Bits do not suddenly go wildly spinning off in different directions and crash into the earth or the sun. Seriously, thats just b**l***p.



posted on Oct, 7 2013 @ 09:37 AM
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It's just going into stealth mode. The aliens aboard this ship still think we are monkey like and don't realize we've been watching the "comet" for quite some time. Nice try you little green men.



posted on Oct, 7 2013 @ 10:01 AM
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reply to post by alfa1
 


According to the NASA site and the Australian site, the major part will continue on it's orbital path. The speed of some of the smaller debris may be effected though. Both sites said that there is not enough knowledge of this to compare things to. There can also be random collisions of particles that can cause them to alter their path slightly but the distance from the sun to the earth is not great enough for larger sections to scatter far from the orbit. I got this from another site about what was observed about the last comet breaking apart. This means that increases in small objects is possible, up to the size that will leave small meteors in the field. We go through these showers every year from old comets. It would basicly make a new trail that we go through every year on our trek around the sun. Larger pieces will continue on the path and will exit the solar system.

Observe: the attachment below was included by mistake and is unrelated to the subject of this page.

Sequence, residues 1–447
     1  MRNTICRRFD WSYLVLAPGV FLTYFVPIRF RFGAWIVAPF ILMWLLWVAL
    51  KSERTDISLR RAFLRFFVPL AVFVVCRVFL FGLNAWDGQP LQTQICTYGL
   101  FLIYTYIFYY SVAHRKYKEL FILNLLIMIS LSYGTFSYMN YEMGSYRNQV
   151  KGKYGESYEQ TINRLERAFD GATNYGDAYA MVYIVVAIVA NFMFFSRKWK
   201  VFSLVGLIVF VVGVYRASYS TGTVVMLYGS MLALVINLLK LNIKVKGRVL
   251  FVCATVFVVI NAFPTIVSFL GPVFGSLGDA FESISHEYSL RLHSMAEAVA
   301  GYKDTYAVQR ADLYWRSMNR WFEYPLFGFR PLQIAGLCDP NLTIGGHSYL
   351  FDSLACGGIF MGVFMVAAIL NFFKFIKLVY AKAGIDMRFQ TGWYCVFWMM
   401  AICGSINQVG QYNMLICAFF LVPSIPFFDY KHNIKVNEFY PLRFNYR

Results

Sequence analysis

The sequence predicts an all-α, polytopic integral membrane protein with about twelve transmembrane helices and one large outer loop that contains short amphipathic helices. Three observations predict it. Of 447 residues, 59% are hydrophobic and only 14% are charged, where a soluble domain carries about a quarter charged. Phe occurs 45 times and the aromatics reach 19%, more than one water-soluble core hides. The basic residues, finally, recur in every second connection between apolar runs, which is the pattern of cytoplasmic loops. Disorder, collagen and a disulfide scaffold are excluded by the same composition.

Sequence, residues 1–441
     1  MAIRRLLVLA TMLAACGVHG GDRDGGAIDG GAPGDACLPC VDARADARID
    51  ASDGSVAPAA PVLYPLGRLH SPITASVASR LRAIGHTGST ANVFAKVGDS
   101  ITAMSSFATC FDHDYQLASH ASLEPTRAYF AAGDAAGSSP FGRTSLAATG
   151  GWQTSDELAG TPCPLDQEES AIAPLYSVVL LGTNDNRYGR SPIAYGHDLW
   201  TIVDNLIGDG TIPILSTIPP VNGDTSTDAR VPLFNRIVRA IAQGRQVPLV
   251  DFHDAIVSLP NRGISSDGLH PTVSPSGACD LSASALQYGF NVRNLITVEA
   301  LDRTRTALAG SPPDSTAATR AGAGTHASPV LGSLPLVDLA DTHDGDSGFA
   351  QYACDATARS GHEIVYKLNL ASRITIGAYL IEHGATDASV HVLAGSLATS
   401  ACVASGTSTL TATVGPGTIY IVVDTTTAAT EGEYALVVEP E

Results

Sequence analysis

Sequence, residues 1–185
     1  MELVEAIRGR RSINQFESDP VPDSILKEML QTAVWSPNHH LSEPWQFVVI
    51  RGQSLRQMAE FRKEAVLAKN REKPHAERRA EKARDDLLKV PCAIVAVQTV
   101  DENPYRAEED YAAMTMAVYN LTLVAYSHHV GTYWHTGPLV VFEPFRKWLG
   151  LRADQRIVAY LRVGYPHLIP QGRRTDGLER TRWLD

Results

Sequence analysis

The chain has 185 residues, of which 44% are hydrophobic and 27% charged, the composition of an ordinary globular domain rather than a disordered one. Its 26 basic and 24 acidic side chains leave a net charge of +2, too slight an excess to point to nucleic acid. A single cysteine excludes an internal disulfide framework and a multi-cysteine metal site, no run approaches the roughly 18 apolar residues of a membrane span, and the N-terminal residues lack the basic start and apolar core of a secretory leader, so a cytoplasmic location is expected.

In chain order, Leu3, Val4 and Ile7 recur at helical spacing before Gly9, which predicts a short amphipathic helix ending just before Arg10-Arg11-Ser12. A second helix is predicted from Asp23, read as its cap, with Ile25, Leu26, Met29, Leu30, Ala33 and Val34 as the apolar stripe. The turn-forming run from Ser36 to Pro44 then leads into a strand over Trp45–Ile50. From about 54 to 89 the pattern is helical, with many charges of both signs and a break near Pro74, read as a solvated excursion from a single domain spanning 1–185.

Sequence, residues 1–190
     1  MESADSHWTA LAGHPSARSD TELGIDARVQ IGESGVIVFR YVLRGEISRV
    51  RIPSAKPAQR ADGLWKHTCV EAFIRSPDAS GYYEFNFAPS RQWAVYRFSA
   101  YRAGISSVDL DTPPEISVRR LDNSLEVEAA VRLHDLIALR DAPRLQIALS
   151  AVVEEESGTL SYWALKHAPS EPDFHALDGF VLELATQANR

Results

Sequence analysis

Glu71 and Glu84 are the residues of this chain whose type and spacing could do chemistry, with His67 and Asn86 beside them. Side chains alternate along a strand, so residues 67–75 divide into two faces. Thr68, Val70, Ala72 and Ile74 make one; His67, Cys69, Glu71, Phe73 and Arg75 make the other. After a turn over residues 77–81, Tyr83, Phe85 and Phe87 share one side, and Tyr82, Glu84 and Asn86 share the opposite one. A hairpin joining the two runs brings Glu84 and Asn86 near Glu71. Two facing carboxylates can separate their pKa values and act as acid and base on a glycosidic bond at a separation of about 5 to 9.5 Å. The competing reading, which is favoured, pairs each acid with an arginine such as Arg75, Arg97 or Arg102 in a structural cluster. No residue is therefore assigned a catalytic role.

So it is not B***/ ***p. Read the latest articles on this knowledge from NASA and other organizations sites before commenting. New info is coming out all the time.

Like I stated in my article, it is nothing to worry about, instead of comet dust that slowly falls to earth we may possibly get a light show, and possibly new showers that happen once a year. I am speculating on the once a year one because we go through debris fields from other comets occasionally. These comets did not go exactly through earths path either, this one is above the earths path but if it breaks up it will extend the penny size meteors out farther so I am guessing it will be an annual January event in the future..



posted on Oct, 7 2013 @ 11:14 AM
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But what is that light beam in front of the comet?
edit on 0b49America/ChicagoMon, 07 Oct 2013 11:21:49 -0500vAmerica/ChicagoMon, 07 Oct 2013 11:21:49 -05001 by 0bserver1 because: (no reason given)



posted on Oct, 7 2013 @ 11:25 AM